Enactive Horror: An Evolutionary Analysis of Haunted Attractions

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Threat simulations in the form of horror stories have existed for thousands of years because they satisfy an evolved appetite for vicarious experience with danger and negative emotion. Now, haunted attractions, or haunts, are becoming a multi-million dollar industry in North America and abroad. In such attractions, paying costumers confront frightening set pieces and scare actors. Despite their commercial success, the phenomenon has attracted very little research. This study analyzes the structure of one major Danish haunt from an evolutionary perspective, suggesting that successful haunts are designed to facilitate immersion and the elicitation of negative emotions ranging from disgust to fear in costumers. In contrast to observational horror (e.g. in literature and film), which situates audiences as passive observers, haunts position visitors as active participants in live-action horror scenarios. Haunts thus potentially fulfill the function of providing consumers with threat simulations more effectively than does observational horror.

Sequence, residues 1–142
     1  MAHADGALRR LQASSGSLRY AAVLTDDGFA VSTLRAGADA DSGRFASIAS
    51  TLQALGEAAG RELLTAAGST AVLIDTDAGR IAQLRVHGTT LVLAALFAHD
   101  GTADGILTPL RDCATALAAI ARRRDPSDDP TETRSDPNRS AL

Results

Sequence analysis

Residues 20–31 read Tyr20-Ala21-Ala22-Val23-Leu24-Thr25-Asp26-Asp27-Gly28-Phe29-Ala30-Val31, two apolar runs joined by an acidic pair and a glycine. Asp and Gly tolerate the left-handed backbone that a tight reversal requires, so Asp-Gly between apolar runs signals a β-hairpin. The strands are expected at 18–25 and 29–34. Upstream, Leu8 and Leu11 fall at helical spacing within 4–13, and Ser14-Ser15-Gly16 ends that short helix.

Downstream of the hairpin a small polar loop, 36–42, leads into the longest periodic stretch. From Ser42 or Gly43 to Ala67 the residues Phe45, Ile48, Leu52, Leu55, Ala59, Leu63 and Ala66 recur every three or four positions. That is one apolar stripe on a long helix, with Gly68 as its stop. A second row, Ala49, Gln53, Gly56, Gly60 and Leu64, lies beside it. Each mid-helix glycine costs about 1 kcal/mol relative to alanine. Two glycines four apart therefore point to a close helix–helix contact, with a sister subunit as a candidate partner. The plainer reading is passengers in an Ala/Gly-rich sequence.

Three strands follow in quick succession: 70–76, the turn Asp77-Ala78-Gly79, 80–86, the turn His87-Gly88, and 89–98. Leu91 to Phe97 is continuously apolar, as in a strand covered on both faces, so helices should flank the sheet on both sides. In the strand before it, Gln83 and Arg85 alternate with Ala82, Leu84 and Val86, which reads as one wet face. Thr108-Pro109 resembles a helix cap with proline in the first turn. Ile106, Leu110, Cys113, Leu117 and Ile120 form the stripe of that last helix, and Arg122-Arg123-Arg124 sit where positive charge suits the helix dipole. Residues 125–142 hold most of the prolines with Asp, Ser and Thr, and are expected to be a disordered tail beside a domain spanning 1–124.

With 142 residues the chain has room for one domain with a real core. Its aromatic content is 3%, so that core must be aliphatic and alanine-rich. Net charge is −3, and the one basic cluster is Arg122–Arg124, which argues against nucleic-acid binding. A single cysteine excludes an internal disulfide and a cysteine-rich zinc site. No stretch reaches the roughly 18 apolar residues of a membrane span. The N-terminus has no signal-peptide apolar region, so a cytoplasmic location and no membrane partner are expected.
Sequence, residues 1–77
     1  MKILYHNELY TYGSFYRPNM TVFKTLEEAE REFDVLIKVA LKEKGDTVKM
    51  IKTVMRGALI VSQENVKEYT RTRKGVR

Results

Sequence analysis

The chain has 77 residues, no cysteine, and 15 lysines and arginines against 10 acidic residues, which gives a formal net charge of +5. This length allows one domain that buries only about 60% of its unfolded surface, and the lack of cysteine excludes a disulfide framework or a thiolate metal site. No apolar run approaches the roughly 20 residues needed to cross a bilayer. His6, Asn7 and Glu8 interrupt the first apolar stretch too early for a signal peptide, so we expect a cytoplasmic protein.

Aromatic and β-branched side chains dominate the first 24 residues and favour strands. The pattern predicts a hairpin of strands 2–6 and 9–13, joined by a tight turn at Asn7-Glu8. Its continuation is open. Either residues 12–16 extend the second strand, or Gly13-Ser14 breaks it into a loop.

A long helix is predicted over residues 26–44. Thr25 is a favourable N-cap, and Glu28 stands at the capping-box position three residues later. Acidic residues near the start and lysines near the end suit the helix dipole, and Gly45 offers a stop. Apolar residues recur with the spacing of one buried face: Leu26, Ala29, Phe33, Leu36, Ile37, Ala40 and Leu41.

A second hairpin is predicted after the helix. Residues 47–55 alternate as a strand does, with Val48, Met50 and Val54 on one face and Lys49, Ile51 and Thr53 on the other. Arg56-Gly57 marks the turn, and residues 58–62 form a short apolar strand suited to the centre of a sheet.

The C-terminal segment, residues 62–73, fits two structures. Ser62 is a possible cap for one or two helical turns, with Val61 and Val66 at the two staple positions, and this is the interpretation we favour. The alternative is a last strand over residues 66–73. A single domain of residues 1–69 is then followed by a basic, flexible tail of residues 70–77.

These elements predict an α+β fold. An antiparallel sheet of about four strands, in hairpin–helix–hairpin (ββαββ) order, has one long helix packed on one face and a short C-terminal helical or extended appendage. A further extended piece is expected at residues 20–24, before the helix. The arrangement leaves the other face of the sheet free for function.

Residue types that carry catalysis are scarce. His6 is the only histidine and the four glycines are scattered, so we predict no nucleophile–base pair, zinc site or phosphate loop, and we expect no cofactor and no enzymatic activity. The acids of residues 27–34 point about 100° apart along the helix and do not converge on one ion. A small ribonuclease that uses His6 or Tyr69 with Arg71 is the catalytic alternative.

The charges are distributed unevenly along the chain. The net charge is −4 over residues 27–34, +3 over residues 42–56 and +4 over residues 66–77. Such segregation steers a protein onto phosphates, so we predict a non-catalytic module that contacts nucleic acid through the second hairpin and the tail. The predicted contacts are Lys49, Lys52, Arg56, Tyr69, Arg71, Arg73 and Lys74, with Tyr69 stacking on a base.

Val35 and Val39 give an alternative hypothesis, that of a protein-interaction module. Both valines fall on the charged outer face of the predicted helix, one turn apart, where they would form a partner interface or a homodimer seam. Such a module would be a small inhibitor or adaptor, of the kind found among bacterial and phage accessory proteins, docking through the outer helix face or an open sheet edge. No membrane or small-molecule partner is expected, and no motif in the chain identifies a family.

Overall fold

Original languageEnglish
Publication year2017
Number of pages1
Publication statusPublished - 2017
EventHBES 2017 - Boise, ID, United States
Duration: 31 May 20173 Jun 2017


ConferenceHBES 2017
CountryUnited States
CityBoise, ID

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